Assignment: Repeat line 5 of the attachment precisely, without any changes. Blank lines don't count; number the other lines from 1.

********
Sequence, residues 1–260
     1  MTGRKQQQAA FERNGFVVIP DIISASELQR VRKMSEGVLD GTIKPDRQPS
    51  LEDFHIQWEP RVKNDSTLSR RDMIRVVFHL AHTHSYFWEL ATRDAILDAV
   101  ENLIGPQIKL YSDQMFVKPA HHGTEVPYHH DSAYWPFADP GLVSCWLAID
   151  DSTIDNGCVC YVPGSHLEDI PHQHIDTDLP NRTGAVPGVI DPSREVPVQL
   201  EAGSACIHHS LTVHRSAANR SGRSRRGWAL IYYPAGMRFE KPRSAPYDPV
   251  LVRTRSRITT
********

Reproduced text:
   151  DSTIDNGCVC YVPGSHLEDI PHQHIDTDLP NRTGAVPGVI DPSREVPVQL